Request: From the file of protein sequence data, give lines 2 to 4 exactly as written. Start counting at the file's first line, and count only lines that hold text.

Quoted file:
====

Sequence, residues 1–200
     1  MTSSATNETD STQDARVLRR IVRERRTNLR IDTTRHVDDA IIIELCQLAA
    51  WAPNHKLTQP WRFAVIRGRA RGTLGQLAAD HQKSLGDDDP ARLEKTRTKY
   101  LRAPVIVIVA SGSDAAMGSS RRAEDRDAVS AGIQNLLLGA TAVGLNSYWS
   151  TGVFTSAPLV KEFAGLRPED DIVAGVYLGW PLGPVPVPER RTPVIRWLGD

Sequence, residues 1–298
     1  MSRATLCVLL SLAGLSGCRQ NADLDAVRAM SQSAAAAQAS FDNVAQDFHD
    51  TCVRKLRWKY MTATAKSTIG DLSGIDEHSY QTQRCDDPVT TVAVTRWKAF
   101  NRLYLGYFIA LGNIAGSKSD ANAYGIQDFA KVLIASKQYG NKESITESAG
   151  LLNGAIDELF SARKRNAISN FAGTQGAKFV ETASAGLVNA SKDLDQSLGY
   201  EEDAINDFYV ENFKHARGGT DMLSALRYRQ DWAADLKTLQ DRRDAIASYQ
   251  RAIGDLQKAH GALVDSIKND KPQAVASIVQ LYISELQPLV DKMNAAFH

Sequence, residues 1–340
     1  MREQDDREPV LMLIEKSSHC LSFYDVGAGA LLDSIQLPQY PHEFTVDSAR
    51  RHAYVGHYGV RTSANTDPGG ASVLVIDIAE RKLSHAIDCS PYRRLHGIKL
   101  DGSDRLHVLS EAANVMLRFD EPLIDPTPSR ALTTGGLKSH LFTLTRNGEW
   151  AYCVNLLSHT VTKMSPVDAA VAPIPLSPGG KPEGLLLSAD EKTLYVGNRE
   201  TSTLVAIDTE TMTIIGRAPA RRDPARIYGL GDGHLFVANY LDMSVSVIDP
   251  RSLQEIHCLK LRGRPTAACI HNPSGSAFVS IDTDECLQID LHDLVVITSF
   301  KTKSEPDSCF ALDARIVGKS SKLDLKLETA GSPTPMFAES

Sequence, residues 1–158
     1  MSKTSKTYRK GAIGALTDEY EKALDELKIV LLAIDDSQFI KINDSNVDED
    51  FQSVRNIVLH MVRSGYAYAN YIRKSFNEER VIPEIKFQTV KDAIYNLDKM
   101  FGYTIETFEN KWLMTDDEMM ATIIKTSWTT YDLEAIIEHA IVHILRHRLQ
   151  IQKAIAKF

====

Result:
     1  MTSSATNETD STQDARVLRR IVRERRTNLR IDTTRHVDDA IIIELCQLAA
    51  WAPNHKLTQP WRFAVIRGRA RGTLGQLAAD HQKSLGDDDP ARLEKTRTKY
   101  LRAPVIVIVA SGSDAAMGSS RRAEDRDAVS AGIQNLLLGA TAVGLNSYWS